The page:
C.E. Eyler and T. Jackson contributed equally to this work.
β2-Adrenergic receptor and adenylate cyclase gene polymorphisms affect sickle red cell adhesion
Article first published online: 6 MAR 2008
© 2008 The Authors
British Journal of Haematology
Volume 141, Issue 1, pages 105–108, April 2008
How to Cite
Eyler, C. E., Jackson, T., Elliott, L. E., De Castro, L. M., Jonassaint, J., Ashley-Koch, A. and Telen, M. J. (2008), β2-Adrenergic receptor and adenylate cyclase gene polymorphisms affect sickle red cell adhesion. British Journal of Haematology, 141: 105–108. doi: 10.1111/j.1365-2141.2008.07008.x
- Issue published online: 6 MAR 2008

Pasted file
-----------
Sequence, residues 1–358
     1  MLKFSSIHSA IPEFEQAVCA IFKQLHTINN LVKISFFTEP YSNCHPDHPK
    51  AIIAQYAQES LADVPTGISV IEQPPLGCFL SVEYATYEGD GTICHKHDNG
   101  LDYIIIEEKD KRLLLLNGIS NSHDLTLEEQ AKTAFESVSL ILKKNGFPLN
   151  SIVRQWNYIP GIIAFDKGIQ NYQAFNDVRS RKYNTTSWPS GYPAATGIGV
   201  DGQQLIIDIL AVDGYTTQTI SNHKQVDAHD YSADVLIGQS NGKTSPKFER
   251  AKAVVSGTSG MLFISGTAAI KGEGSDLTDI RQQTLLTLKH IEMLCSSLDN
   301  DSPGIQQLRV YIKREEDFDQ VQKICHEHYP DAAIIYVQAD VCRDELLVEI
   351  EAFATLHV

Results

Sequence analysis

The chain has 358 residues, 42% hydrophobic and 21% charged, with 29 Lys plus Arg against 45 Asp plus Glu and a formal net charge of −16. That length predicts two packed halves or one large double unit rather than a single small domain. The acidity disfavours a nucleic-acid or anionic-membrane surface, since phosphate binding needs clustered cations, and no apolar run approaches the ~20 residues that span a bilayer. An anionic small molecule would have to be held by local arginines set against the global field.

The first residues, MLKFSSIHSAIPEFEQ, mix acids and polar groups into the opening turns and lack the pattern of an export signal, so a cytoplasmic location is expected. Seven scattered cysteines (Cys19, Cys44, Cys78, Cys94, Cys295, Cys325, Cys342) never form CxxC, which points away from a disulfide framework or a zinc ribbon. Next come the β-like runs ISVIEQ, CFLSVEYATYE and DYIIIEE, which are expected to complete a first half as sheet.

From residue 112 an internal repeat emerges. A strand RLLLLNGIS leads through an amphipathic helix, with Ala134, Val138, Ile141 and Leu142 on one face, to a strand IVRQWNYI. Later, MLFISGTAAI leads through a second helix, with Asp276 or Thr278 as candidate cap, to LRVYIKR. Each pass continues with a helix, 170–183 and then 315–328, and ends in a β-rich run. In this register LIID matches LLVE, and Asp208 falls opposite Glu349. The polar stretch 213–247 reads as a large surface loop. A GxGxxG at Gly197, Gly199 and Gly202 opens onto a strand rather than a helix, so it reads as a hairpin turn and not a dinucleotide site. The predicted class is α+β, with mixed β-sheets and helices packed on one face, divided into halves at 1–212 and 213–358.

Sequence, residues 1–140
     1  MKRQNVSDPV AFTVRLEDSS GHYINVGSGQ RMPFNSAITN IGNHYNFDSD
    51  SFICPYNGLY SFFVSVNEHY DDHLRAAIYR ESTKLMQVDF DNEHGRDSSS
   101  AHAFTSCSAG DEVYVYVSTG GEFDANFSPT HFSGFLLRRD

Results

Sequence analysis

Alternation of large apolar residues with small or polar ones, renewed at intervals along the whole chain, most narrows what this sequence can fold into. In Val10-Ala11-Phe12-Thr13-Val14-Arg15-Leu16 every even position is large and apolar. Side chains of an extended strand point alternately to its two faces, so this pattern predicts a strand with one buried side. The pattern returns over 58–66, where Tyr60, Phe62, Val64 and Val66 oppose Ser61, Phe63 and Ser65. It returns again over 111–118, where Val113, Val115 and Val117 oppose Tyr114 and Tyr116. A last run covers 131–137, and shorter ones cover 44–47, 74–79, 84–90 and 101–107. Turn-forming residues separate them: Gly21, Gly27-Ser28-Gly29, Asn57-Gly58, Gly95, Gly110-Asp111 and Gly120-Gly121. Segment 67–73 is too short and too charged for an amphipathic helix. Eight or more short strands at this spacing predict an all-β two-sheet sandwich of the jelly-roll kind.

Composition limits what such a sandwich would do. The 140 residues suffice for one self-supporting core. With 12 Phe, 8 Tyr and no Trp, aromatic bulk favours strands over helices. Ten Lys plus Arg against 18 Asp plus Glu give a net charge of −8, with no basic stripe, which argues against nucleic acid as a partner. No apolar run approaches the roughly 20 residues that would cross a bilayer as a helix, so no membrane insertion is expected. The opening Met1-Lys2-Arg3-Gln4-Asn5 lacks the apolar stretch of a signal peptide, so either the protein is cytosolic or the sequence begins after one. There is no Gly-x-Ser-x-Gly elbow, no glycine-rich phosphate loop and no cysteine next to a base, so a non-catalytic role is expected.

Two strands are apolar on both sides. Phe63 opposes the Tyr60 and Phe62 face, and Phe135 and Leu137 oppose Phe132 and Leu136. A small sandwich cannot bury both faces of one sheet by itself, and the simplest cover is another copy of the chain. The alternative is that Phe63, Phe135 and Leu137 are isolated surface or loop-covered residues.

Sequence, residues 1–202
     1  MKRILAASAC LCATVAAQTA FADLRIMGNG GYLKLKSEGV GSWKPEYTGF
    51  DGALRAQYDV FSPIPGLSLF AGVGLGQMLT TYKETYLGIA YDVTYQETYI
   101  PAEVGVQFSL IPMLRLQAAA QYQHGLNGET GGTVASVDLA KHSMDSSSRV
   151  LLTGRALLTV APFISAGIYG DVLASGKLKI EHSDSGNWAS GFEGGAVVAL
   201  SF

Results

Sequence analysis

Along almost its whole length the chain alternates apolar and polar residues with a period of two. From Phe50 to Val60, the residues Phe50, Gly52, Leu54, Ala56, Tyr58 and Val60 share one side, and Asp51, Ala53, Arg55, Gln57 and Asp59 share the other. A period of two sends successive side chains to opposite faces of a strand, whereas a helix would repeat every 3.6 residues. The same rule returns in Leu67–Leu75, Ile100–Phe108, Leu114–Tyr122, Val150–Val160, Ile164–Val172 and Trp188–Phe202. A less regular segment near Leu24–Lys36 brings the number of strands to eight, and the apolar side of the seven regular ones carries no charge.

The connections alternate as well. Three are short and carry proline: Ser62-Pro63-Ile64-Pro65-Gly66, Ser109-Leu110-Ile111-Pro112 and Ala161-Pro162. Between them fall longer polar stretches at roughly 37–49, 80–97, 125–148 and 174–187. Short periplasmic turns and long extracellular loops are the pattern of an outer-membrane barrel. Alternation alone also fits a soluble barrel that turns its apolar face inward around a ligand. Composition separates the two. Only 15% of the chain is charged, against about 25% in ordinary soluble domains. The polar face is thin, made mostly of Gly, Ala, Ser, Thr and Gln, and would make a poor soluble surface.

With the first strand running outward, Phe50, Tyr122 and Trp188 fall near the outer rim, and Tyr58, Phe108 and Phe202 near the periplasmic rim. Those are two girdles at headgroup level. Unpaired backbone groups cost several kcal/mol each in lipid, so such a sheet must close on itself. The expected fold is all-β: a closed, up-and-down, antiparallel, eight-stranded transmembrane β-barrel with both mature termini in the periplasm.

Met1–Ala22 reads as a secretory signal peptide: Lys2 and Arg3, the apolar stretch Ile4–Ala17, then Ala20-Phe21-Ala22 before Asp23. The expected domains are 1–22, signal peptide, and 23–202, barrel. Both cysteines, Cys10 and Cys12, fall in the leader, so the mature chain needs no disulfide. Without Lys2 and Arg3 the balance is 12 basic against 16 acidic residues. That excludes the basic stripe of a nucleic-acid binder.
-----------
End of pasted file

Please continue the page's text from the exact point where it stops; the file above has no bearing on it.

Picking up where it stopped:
- Article first published online: 6 MAR 2008
- Received 4 October 2007; accepted for publication 19 November 2007
- sickle cell disease;
- red blood cell (erythrocyte);
- cyclic adenosine monophosphate.
Sickle red cell (SS RBC) adhesion is thought to contribute to sickle cell disease (SCD) pathophysiology. SS RBC adhesion to laminin increases in response to adrenaline stimulation of β2-adrenergic receptors (β2ARs) and adenylate cyclase (ADCY6), and previous evidence suggests such activation occurs in vivo. We explored whether polymorphisms of the β2AR and ADCY6 genes (ADRB2 and ADCY6, respectively) affect RBC adhesion to laminin. We found that the β2AR arg16gly substitution and two non-coding ADCY6 polymorphisms were associated with elevated adhesion. We postulate that ADRB2 and ADCY6 polymorphisms may influence SCD severity through the mechanism of RBC adhesion.